A woman who was shot in the face back in 1990 gets to meet her assailant Monday in a gas station parking lot. Debbie Baigrie fought for the man’s freedom and finally got him free after 26 long years.
Manuel, the Debbie Baigrie shooter, was just 13 when he shot her in downtown Tampa, leaving her critically injured. He was arrested a few days hence in a totally unrelated case and later confessed to shooting Debbie on the fateful July night.
Debbie Baigrie: Fight For Manuel’s Freedom
Manuel never gave up fighting for his freedom, nor did Debbie. As reported by NBC 8, he had earlier agreed to a plea deal hoping he will be sentenced just for a few years. But, that didn’t work in his favor — the judge awarded him life sentence.
Things changed, however, as the Supreme Court ruled out life sentences for Juveniles in 2010. A Hillsborough County judge realized Manuel had received a fair share of his punishment and could be released. On Nov. 10, Manuel’s release orders were being discussed; he finally walked out free Monday morning.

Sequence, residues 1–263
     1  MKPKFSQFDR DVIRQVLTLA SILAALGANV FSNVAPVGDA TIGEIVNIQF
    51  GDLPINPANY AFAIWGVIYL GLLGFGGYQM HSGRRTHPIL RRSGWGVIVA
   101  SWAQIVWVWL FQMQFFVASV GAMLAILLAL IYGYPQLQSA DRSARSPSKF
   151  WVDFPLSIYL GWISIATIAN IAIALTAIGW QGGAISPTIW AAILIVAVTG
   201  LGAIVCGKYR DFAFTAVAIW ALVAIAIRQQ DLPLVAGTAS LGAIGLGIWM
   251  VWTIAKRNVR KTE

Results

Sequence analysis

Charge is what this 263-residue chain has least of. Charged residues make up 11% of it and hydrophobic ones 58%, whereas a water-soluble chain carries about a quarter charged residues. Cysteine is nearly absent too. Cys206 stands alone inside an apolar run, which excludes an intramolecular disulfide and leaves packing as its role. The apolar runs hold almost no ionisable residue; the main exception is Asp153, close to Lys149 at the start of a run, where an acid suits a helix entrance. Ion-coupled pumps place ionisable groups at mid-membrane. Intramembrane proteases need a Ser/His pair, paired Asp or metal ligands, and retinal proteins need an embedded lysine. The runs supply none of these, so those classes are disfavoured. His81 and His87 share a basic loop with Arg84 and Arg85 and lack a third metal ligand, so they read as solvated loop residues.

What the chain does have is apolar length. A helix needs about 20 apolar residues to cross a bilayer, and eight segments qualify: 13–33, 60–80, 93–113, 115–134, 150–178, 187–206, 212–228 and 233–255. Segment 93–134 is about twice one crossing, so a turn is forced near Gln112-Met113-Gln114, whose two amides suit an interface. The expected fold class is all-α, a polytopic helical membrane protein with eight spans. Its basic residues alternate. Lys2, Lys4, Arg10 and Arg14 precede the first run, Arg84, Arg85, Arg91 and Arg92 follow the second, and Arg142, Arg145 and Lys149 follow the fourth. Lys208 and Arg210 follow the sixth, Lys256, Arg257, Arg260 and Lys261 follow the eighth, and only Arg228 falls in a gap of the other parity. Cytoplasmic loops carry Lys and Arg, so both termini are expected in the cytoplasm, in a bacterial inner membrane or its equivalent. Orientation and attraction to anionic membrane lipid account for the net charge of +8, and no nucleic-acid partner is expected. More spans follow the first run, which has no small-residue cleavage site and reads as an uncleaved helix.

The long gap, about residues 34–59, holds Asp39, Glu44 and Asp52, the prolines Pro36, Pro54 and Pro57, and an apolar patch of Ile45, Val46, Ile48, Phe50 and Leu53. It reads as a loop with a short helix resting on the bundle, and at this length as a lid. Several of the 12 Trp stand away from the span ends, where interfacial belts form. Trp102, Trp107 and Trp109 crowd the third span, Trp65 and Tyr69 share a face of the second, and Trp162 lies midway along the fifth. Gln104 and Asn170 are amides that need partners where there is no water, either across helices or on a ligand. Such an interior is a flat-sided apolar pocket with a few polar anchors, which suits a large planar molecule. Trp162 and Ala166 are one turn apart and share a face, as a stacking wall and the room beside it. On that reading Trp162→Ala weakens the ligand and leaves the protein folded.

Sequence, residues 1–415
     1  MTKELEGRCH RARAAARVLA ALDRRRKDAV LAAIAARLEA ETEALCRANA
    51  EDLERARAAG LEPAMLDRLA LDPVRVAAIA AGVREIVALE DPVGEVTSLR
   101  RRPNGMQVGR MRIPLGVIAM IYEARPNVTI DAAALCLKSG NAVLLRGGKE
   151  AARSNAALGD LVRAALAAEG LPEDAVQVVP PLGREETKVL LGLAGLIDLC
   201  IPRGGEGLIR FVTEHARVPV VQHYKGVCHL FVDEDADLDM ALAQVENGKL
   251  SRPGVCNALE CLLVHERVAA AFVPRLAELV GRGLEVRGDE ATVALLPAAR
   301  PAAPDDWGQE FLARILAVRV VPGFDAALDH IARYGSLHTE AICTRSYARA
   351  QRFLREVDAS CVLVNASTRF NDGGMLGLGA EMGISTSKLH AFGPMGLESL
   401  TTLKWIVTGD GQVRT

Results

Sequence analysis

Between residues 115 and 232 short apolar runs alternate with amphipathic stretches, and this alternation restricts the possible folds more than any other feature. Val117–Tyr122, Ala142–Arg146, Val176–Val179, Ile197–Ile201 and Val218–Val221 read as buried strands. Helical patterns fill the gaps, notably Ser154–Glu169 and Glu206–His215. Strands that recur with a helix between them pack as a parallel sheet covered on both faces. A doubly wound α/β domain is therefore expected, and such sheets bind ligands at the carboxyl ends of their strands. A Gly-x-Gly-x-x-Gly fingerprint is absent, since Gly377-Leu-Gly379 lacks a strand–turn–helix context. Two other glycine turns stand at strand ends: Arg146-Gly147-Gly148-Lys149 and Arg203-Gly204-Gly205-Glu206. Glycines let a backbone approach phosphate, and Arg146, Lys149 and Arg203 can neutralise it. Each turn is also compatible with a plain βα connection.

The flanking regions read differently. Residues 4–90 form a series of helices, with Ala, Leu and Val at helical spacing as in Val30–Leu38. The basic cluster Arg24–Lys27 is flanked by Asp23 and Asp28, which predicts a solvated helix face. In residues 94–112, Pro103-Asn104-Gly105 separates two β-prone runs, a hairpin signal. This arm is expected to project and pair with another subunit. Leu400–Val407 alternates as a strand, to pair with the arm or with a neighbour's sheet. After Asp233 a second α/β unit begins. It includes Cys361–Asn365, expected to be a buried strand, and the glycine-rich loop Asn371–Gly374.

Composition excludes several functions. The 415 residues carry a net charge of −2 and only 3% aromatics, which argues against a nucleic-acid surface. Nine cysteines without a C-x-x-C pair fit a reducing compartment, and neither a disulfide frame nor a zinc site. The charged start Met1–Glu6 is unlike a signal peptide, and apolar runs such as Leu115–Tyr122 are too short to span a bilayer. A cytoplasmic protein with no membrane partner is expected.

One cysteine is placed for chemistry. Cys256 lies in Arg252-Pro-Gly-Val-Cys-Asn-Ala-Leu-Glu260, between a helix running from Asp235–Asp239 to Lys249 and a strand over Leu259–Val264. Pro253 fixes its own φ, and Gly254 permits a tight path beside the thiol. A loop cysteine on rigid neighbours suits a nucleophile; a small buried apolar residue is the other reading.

“It was like this reunion with a long lost son. I got out of the car, and we just hugged for two minutes. It was very like 26 years in the making,” said Debbie, who kept fighting for Manuel’s release.
Debbie and Manuel sat down later in a pizza joint for the latter’s first meal as a free man.
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“It’s the fact that he survived against all the odds and solitary confinement for over 20 years. He educated himself; he came through this and he came through it as a nice guy, not hardened,” were Debbie’s emotional words.
Return To The Civilized World
Manuel, now 39, has enrolled in a program which will help him re-integrate into society. As soon as he was set free, the first person he wanted to see was Debbie, said a report by Today.
“I got to do something that I had only dreamed about for so many years,” said Manuel who almost killed the woman 26 years ago. “I got to kiss her on the same exact spot that the bullet either went in or came out.”
Debbie’s sympathy for her shooter had been controversial for many. While some would call her delusional, others said she was suffering from Stockholm Syndrome.
“I figure if I didn’t help and support him, it would be a life lost,” she argues. “And my life wasn’t lost, and I felt like his punishment was way beyond what it should have been.”
Debbie who hopes her friendship with her shooter will inspire others to forgive, said, “We all make mistakes, we all try our best, and life is so short.”
“And if anybody knows how your life can be gone in one minute, it’s me. I understand that. We have to forgive, because it helps us heal,” she further added.
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